The seitan in this has a deep, dark, rich flavor. The Horizons books urge you to cook to taste which really comes through in this dish. As they say, balsamic vinegars vary, and when they are reduced, the flavors are even more prominent. I went light on the agave, as the balsamic seemed sweet enough. But a small amount of agave took the rough edges off of it. It’s big and bold, so we served it with roasted potatoes, fried corn, and the garlic green beans with (not) marcona almonds and vegan tarragon butter. We went with the basic almonds but had the freshest of green beans. The cooking technique for the beans encourages cooking to your own preferred tenderness. We found them to be just right in a short time, but we love raw green beans as well. I scooped out the garlic the best I could to add to the bowl with the butter while trying to leave the liquid behind. Those beans will be on our menu again.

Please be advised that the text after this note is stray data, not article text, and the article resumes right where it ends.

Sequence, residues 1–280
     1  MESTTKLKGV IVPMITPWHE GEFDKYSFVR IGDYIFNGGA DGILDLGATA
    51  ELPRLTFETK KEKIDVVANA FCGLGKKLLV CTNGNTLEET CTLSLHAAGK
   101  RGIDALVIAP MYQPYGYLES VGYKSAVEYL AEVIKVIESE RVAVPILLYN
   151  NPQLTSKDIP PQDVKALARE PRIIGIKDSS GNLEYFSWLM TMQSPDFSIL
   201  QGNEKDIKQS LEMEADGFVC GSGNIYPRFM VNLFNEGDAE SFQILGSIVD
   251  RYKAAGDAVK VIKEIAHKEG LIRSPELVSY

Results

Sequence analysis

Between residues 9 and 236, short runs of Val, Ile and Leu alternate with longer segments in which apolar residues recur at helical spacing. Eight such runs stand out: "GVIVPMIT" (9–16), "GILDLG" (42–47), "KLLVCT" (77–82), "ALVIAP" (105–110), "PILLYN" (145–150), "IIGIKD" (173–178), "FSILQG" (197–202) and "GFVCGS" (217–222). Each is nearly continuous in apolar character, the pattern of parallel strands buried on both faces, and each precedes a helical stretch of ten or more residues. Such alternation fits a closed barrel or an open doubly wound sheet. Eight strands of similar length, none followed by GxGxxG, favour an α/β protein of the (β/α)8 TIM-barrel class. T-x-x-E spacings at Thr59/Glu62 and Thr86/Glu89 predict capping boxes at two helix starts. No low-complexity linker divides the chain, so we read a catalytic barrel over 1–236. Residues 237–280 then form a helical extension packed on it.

Many of the recipes in the Horizons books come together quickly, letting the oven or stove do the majority of the work. The amazing thing is that you’d never know that from the plate.